The Holocene glacial retreat is a geographical phenomenon that involved the global deglaciation of glaciers that previously had advanced during the Last Glacial Maximum. Ice sheet retreat initiated ca. 19,000 years ago and accelerated after ca. 15,000 years ago. The Holocene, starting with abrupt warming 11,700 years ago, resulted in rapid melting of the remaining ice sheets of North America and Europe.
- 1 Geographical alterations
- 2 See also
- 3 References
- 4 External links
AntarcticaFragments of Larsen B ice shelf lingered until 2005.
Radiocarbon dating has been used to date the start of glacial retreat on Alexander island 18,000 years ago. The outermost locations like Marguerite Bay were fully deglaciated 12,000 years ago and the further inland locations continued deglaciating for an additional 3,000 years. The Larsen ice shelf was formed in the early Holocene at a latest estimation of 10,700 years ago. Certain segments of the ice shelf have collapsed as recently as 1995 for Larsen A and a large segment of Larsen B collapsed in 2002.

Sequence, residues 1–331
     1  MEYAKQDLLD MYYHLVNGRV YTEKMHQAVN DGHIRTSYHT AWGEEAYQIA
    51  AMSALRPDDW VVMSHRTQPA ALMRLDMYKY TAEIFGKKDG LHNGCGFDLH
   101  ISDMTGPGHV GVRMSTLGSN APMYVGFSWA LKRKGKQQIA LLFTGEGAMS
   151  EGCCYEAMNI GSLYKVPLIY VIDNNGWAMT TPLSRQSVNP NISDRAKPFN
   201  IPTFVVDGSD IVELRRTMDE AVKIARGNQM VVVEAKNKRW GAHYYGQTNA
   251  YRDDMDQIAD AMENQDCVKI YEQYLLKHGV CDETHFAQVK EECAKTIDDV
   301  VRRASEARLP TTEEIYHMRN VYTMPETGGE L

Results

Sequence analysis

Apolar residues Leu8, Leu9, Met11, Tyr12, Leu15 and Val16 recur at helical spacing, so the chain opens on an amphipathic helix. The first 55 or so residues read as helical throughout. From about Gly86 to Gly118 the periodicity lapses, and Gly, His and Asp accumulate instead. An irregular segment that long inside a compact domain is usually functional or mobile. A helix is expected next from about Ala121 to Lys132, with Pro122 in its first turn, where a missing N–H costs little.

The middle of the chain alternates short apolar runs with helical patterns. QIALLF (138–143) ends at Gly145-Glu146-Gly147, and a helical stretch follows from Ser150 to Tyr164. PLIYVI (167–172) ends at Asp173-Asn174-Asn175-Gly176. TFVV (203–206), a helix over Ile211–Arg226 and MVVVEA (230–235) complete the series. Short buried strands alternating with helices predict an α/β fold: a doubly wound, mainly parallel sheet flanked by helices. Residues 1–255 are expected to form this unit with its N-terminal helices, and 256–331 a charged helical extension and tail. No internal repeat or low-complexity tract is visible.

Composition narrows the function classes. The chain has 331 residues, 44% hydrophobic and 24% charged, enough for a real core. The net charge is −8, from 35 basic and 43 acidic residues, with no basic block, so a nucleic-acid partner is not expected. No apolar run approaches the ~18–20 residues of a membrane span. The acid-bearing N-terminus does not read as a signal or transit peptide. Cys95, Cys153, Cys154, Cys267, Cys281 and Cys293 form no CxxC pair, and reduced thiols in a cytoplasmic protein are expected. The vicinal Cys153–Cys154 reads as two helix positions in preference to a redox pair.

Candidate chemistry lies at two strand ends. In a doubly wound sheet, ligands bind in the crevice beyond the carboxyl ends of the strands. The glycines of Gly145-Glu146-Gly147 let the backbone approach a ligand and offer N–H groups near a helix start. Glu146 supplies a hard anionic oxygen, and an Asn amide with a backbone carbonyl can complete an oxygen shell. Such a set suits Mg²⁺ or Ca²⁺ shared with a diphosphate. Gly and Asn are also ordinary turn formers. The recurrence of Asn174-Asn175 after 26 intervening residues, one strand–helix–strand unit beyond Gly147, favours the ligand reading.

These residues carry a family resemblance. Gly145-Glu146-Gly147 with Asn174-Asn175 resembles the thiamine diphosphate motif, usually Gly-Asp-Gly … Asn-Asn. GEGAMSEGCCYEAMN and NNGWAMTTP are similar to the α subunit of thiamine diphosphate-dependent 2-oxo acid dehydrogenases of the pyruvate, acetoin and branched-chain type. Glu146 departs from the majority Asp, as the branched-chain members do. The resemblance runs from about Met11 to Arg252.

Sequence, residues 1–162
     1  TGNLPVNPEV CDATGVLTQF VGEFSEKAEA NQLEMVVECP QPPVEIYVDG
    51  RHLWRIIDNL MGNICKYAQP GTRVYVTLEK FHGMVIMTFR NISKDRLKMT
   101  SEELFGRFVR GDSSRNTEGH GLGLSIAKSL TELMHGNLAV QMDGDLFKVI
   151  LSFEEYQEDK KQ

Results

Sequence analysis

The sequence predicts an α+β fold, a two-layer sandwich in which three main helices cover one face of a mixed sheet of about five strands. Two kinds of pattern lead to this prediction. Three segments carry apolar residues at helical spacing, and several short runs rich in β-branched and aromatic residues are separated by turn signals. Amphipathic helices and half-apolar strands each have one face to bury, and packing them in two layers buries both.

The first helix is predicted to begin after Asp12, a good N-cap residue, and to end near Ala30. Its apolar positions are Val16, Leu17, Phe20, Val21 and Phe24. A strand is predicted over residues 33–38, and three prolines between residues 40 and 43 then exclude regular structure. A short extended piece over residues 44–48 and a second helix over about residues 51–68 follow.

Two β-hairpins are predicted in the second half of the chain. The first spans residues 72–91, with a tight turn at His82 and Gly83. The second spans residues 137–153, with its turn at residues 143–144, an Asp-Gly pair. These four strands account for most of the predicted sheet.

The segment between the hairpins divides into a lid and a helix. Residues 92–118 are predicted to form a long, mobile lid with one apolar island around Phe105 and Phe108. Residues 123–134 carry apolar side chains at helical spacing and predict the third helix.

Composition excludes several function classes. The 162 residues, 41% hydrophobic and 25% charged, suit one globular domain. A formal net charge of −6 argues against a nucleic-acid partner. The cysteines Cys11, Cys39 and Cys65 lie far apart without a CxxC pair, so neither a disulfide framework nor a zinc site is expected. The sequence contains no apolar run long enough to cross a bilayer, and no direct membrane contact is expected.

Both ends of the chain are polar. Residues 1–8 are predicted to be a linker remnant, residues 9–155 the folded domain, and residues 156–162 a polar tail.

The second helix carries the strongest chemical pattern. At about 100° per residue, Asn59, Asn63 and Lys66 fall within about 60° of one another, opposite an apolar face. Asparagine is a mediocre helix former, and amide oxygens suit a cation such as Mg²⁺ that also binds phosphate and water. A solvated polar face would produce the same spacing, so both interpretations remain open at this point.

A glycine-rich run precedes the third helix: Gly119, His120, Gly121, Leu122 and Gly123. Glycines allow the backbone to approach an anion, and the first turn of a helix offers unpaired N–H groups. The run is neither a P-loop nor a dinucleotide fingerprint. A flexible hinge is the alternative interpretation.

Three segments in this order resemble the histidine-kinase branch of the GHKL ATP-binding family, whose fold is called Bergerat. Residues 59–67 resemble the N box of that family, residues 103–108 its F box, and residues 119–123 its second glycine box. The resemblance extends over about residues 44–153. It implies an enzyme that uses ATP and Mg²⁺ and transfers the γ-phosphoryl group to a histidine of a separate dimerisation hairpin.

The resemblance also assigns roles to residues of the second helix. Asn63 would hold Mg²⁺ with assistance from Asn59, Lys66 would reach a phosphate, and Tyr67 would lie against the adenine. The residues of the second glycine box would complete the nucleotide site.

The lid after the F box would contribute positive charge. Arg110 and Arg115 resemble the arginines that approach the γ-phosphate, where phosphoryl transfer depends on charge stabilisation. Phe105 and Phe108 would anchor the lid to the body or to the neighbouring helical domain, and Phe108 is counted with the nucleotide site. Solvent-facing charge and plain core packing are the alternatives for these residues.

In northwestern Iceland, the Icelandic ice sheet began its non-uniform retreat about 15,000 years ago. Surface exposure dating using the isotope 36Cl was the primary means of dating boulders and terminal moraines in the Drangajökull area in Iceland. Ages of erratic boulders found near the Leirufjörður valley and moraine range from 7-12 thousand years old. The average ages for the groupings of boulders in the Leirufjörður area is 9.3 thousand years ago. Directly south of Leirufjörður in the Kaldalon Valley the average age of the boulders is 15,000 years old. The two different average ages are a result of different rates of glacial activity in Iceland....read more